Even such a successful competitor as Matsushita, which has been cited as a paradigm of successful management and competition, stumbled in hypercompetitive markets by not moving on to new advantages. The Wall Street Journal reported consolidated pretax earnings in 1992 tumbled by 39 percent. The Journal notes, “To ensure its long-term health, what Matsushita really needs to do is start looking for new areas of growth. Yet the company traditionally has been a laggard at developing pathfinding new products with world-wide appeal. … Matsushita also hasn’t been aggressive in de­veloping an emerging new wave of products combining consumer electron­ics with computers and telecommunications, even though it produces most of the components.”23 Even for the largest and most successful of competi­tors, past advantages are no guarantee of future success.

3. The Goal Is Disruption, Not Sustaining Advantage

If companies are not seeking a sustainable competitive advantage, what is the goal of strategy in hypercompetitive environments? The primary goal of this new approach to strategy is disruption of the status quo, to seize the initiative through creating a series of temporary advantages.

If a company’s goal is to sustain advantage, it tries to create an equilib, rium in its industry at a point at which it has an advantage. Part I will demonstrate the futility of this approach. In hypercompetition, however, the company’s goal is to disrupt the industry to create new advantages and erode those of competitors. By creating a series of these disruptions, com, panies can keep one step ahead of their competitors, moving from one temporary advantage to the next.

A survey of the fifty oldest U.S. companies found that they have persisted not by exploiting a single advantage but “by ceaselessly altering and re­newing their technologies and products and sometimes, too, their capital structures.’ These oldest companies have done more than survive; they out­performed the Standard & Poor 500 in 1991. To take just one example, the oldest U.S. public company, the Dexter Corporation began as a cloth mill in 1767, moved to turning rope into wrapping paper, and then moved to pro­ducing teabags and meat casings, as well as automotive gaskets. I t is now moving into new areas such as aerospace and medical fabrics.24

Strategies such as “stick to your knitting” and “build off your core com, petence” may maximize short,run performance and profitability by using the same assets over and over again. But these approaches do not provide the guidance for true long-run survival. While they may generate short­term profits, these strategies ultimately leave companies with a tired, out­dated asset base that is not adapting to the future. Instead a new approach is needed.

4. Seizing the Initiative with a Series of Small Steps

As competitive cycles have shortened, the need to rapidly develop new advantages has increased. It has become more important for companies to focus on generating their next advantages even before their current ad­vantages erode. The traditional goal of strategists has been to find a grand and long-term strategy that sustains itself for years or even decades. Today this is becoming rare, if not impossible. The grand, long-term strategy is often outmaneuvered, so it rarely wins. It often takes too long to create the assets needed to pull off this grand strategy. By the time a firm has the assets in place, they are obsolete or the circumstances have changed so much that new and better alternative strategies have emerged. The days where it is possible to do five- and ten-year strategic plans are coming to an end as changes hasten. It is the rare industry where a firm can predict how technology, customers, regulation, competition will look in ten years. Even five years is difficult. In 1988, who knew that, by 1993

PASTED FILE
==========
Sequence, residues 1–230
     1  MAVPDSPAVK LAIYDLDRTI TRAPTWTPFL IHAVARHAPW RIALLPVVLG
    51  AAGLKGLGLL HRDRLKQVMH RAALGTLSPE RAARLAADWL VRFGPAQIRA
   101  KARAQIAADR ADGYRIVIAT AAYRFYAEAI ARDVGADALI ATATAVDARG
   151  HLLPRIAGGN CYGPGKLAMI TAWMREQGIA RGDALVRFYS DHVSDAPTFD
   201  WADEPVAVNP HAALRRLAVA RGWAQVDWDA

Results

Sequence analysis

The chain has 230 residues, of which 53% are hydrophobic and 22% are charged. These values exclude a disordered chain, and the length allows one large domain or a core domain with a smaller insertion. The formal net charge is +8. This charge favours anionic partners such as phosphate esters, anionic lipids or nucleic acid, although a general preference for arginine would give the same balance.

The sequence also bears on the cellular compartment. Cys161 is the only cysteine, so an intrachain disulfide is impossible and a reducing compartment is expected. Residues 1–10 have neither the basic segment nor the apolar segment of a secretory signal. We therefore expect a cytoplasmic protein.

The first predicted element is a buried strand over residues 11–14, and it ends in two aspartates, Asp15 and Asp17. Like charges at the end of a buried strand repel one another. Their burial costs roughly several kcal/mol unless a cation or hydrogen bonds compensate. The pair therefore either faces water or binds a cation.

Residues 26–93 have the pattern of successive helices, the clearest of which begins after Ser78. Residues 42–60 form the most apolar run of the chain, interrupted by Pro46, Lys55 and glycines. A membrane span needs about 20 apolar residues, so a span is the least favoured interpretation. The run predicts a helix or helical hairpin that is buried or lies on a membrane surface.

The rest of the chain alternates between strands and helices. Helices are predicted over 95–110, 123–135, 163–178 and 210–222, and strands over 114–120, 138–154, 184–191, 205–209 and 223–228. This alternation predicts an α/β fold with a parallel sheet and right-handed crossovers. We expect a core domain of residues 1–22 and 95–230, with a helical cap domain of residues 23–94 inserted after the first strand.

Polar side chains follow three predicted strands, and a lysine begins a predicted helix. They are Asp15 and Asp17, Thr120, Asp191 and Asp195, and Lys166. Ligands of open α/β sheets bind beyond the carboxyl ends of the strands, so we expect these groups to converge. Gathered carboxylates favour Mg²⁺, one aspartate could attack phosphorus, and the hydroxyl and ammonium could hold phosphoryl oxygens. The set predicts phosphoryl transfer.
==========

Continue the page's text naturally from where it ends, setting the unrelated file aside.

• Russia would be a new capitalist market?
  • One of the leaders of the Japanese juggernaut, Matsushita, would stumble?
  • Chrysler and Ford would reseize the initiative in the car industry?
  • Cold fusion may instead be for real?

Just to name a few of the surprises over the last five years.

Instead of long-range plans and enduring competitive advantages, a succession of small, often easily duplicated strategic attacks are more typi­cally used in rapidly changing hypercompetitive environments. By string­ing together a series of these short-term advantages, the firm can effec­tively create a long-term sustainable advantage in the marketplace (see Figure 1-2).

Both Microsoft and American Airlines have used a series of initiatives to keep bringing their customers back into the fold. Although many of these innovations have been copied by the competition, the steady stream has helped these companies succeed. If Microsoft had rested on its laurels with MS-DOS in the way that Digital clung to the minicomputer, it would have been laying off employees rather than continuing to expand.



American’s advantages were even more easily copied. At each stage in the development of American’s strategy, competitors moved in and dupli­cated American’s advantage. But by the time the competitors arrived on the scene, American had already built a new advantage through its next innovation. So American, even with its reservation system, has been suc­cessful through a series of nonsustainable or imitated actions. Its advan­tage resulted because it did them first and frequently.

These moves were not a random series of actions. Each created an ad­vantage or disrupted the marketplace by destroying an advantage of its competitors. American seized the initiative by finding ways to serve its customers better than other carriers. It did so by identifying the business traveler as a customer for the first time, searching for new opportunities within its current markets, and shifting the rules of competition from com­petition on price and service to competition on perks. Each of these ac­tions by American forced competitors onto the defensive because they had to rise to the challenge or be left behind.

Source: D’aveni Richard A. (1994), Hypercompetition, Free Press.